The chair of the House Ways and Means Committee on Wednesday called on the House of Representatives to adopt the Senate version of the bill extending the deadline of the estate tax amnesty to ensure its enactment before President Ferdinand R. Marcos Jr.’s second State of the Nation Address (SONA).
In a statement, Albay Rep. Joey Salceda said there is no need to hold a bicameral conference committee meeting as his panel concurs with the provisions of the Senate version of the estate tax amnesty extension bill.
“This is a most urgent priority for the House leadership, so, you can count on immediate adoption by the House once we receive the formal transmittal from the Senate. We have also been in constant communication with my Senate counterpart, Senator (Sherwin) Gatchalian, to hammer out any style issues,” Salceda said.
He said that on top of the House version’s provisions, which would extend anew the Estate Tax Amnesty period from June 14, 2024 to June 2025, the Senate version also proposes the extension of the period of deaths covered to May 2022.
The Senate version also provides for electronic filing of estate tax amnesty applications, and limits the number of documents required for filing, he noted.
“We agree. So, we will move for adoption. If they can transmit by Monday, we will ratify by Monday. Anyway, I expect the House to wait for the Senate’s formal transmittal the whole day Monday,” Salceda said.
Relatively, the Senate has also shortened the period for issuing the implementing rules and regulations (IRR) from 60 days to 30 days.
Salceda earlier estimated that as much as 920,000 Filipino families have unsettled estates that could benefit from the amnesty.
He expects both Houses of Congress to get “this job done by Monday.”
“We will get what we want – enactment before SONA. And they will get what they want: their additional provisions. All’s well that ends well. A congressional majority working for the people,” he said.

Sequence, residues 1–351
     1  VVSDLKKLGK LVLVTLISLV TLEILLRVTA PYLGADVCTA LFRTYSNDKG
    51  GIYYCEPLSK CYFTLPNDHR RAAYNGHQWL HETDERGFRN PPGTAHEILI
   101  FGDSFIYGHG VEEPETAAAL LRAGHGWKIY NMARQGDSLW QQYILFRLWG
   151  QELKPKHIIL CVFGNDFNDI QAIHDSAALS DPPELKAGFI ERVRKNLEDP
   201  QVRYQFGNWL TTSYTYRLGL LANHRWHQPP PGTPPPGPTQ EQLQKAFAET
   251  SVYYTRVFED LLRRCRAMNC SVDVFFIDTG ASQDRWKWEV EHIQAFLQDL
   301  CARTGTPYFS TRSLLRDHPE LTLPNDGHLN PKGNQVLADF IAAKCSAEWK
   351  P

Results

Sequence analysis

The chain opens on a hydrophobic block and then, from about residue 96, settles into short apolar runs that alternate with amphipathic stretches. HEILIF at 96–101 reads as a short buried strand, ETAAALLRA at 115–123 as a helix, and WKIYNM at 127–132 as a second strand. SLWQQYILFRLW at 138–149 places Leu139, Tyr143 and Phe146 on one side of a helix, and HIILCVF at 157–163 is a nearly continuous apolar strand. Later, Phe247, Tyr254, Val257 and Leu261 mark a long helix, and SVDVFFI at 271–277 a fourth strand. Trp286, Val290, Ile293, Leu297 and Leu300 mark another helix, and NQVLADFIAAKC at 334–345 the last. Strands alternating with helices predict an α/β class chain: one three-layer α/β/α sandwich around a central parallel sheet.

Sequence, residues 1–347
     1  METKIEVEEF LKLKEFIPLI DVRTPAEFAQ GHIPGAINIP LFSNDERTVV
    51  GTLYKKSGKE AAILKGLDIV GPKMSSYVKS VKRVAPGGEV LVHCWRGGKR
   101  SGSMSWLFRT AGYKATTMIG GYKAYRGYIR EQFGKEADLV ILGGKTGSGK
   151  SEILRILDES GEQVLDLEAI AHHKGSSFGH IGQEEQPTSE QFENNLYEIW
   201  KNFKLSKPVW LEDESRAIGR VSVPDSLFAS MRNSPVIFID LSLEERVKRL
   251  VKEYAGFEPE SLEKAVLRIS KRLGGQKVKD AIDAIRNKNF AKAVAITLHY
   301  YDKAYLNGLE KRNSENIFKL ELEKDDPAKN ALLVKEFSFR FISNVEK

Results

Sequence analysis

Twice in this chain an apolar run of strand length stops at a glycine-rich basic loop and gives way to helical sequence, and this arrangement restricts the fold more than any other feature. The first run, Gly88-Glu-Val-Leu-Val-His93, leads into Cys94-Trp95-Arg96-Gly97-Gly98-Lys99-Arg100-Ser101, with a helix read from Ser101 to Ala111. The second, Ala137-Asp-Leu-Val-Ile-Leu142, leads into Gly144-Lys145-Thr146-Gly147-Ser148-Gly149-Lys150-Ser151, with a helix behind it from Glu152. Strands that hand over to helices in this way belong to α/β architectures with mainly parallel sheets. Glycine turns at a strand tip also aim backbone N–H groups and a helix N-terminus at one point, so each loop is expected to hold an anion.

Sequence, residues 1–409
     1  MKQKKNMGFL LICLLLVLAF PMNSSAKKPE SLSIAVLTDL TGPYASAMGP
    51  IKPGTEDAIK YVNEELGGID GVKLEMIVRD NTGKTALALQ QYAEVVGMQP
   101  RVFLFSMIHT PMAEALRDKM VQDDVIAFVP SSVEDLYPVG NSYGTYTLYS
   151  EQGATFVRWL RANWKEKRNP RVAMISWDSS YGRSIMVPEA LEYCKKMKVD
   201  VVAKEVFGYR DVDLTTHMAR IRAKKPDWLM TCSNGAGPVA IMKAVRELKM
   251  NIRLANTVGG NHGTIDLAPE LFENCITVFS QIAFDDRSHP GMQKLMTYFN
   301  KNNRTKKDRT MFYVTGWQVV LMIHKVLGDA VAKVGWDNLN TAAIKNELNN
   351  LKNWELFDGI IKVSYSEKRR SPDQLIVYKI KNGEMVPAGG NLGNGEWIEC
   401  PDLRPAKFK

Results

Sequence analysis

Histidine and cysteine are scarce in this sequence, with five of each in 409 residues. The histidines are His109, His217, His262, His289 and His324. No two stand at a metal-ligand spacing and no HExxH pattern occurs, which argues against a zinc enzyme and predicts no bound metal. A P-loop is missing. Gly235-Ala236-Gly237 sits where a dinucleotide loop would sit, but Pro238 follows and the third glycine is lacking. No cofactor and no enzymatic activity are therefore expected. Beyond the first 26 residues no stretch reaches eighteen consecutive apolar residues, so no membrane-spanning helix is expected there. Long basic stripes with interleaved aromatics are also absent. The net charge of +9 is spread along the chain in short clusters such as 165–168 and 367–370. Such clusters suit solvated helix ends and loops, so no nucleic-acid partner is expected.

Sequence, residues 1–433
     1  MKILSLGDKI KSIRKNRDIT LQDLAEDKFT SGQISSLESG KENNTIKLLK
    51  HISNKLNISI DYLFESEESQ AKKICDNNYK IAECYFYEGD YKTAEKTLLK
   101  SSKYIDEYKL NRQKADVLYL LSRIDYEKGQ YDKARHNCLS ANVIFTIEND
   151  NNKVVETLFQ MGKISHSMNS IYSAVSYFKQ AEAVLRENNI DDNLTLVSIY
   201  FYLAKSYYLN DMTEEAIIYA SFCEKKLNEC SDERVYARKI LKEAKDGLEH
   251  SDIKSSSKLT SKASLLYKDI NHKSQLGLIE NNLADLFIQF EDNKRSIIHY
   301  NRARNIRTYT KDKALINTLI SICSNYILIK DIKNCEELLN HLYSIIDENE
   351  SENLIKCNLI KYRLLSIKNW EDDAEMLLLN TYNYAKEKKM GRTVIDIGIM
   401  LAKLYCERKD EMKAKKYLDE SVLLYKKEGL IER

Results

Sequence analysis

Speaker Martin Romualdez, the principal author of the measure, said the proposed extension would give those covered by the law enough time to avail themselves of the amnesty and lower tax rates so they could use the properties and other assets they have inherited from their dead loved ones.
He said the proposal would also alleviate the burden of those who would want to avail of the amnesty but are still transitioning from financial difficulties to post-pandemic recovery.
“They have barely recovered from the Covid-19 (coronavirus disease 2019) pandemic, and the amnesty deadline, which had been extended once, is just a month away. It’s on June 14. Thus, the need for another extension,” he said.
Under the Tax Amnesty Act, delinquent heirs, executors, and administrators had up to June 15, 2021 to avail themselves of amnesty.
The law covered the estates of decedents who died on or before Dec. 31, 2017, with or without duly issued assessments, and whose estate taxes have remained unpaid or have accrued as of the same date.
The law offers those taking advantage of amnesty immunity from civil, criminal, and administrative cases and penalties under the 1997 Tax Code.
The pandemic prompted Congress to amend the law in June 2021 to provide for a two-year extension up to June 14, 2023. (PNA)